Intrepid explorers have their guidebooks and maps in their hands as they explore the darkest corners of Fortnum and Masons in Piccadilly, London.
From the cells of Reading Prison to the luxury of Fortnum and Mason – two very different locations for art exhibitions, with two different set of artists. In 1844, when Reading Prison was built, Charles Fortnum and his successors had been in business as a grocer for 70 years, occupying a growing number of houses in Piccadilly, now all demolished. There is an interesting link with Reading in that Charles Fortnum described himself in his will of 1814, as “of Reading esquire”.
There is a history of art within Fortnum and Mason. Charles Drury Edward Fortnum (1820–1899), was a distinguished art collector and a Trustee of the British Museum to which he donated his collection of Islamic ceramics and, more recently, W. Garfield Weston, who acquired the business in 1951, had a reputation for popping out for lunch and coming back a few hours later with a new artwork from one of the Mayfair galleries. The link with art has been re-established in an exciting project with the eminent art collector Frank Cohen who has loaned works from his collection of modern British art which have been displayed from top to bottom across the store. Frank also established The Dairy in Bloomsbury which is currently closed due to redevelopment.
The Piccadilly shop windows are full of art by the likes of Tracy Emin, Brigit Riley and Lynn Chadwick. Maggie Hambling is overseeing everything inside from the top office floor, while other artists are located throughout the store. Charming Baker’s animal heads are grouped in a couple of different locations, including the first floor sculpture court which also has works by Keith Armitage, Jake and Dinos Chapman, Reg Butler, Barry Flanagan, Eduardo Paolozzi and Mark Quinn while the amusing sculpture “Dude Cowboy” by Nicholas Monroe has escaped, appropriately, to the menswear department. There is a complete wall of works by Stuart Pearson Wright.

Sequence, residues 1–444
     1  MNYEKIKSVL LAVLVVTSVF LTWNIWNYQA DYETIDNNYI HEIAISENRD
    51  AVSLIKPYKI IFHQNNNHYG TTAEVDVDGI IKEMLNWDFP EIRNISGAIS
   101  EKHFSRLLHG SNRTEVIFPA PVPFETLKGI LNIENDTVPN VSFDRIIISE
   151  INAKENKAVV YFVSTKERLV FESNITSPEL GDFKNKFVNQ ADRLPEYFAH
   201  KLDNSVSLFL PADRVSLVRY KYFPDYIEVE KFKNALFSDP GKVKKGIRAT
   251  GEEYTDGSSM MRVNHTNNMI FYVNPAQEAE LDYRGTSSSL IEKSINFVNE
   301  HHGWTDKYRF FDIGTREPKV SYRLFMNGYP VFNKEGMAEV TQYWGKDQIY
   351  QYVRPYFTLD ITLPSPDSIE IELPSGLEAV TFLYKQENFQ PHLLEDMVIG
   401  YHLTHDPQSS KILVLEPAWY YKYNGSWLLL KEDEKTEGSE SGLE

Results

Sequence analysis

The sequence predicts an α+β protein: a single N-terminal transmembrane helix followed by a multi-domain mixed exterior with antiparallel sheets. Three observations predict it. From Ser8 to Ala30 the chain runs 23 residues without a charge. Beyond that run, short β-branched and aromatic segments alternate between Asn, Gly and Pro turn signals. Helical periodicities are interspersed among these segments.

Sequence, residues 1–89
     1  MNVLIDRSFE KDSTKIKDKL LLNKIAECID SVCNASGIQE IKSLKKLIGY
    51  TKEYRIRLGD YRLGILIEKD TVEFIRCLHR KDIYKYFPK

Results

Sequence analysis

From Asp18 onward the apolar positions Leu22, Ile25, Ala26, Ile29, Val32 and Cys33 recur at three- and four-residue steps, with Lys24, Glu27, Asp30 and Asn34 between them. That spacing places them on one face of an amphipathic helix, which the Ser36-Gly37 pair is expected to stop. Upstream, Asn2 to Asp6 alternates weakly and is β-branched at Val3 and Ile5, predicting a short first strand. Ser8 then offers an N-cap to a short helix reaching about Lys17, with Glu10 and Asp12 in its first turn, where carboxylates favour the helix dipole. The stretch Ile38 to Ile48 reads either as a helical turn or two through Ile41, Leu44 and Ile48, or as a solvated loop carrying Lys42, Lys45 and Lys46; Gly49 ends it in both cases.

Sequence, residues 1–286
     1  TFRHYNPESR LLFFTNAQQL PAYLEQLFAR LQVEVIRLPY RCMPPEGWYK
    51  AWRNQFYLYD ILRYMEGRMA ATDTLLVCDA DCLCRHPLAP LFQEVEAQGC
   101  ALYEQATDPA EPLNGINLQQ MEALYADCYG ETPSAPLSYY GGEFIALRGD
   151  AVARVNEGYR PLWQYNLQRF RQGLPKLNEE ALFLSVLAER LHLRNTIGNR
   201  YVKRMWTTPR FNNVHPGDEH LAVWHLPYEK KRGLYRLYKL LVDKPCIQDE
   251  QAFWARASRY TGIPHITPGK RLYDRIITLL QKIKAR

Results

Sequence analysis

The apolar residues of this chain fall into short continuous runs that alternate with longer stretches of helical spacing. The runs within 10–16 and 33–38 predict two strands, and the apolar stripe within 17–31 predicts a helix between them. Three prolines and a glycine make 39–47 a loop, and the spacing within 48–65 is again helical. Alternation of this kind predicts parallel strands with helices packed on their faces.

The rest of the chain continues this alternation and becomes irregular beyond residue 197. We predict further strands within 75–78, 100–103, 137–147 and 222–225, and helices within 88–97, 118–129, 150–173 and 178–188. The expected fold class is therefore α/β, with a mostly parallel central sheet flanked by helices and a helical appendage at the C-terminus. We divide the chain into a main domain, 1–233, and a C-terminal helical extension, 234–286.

The juxtaposition of modern art with traditional interiors is interesting. David Spiller’s Mickey Mouse hangs below a crystal candelabra and John Eardley’s “The Yellow Jumper” contrasts with a traditional classical fireplace above which it is hung….. but that’s part of the fun.
Some works are safely located behind tills, others are in the wine bar and restaurant areas, on staircases and in newly discovered private spaces such as the Cellar. Sadly, one of the works I most wanted most to see - Jake and Dinos Chapman’s “Unholy Trinity 3” – is in one of those inaccessible spaces.
Hopefully this will not be a one-off. It’s a win-win for art and for the store. Who needs an expensive new gallery when there are other locations like Fortnum and Mason? Oh, as an aside, the guide available for intrepid art explorers through the store, is excellent and I have certainly discovered parts of the store that I didn’t know existed.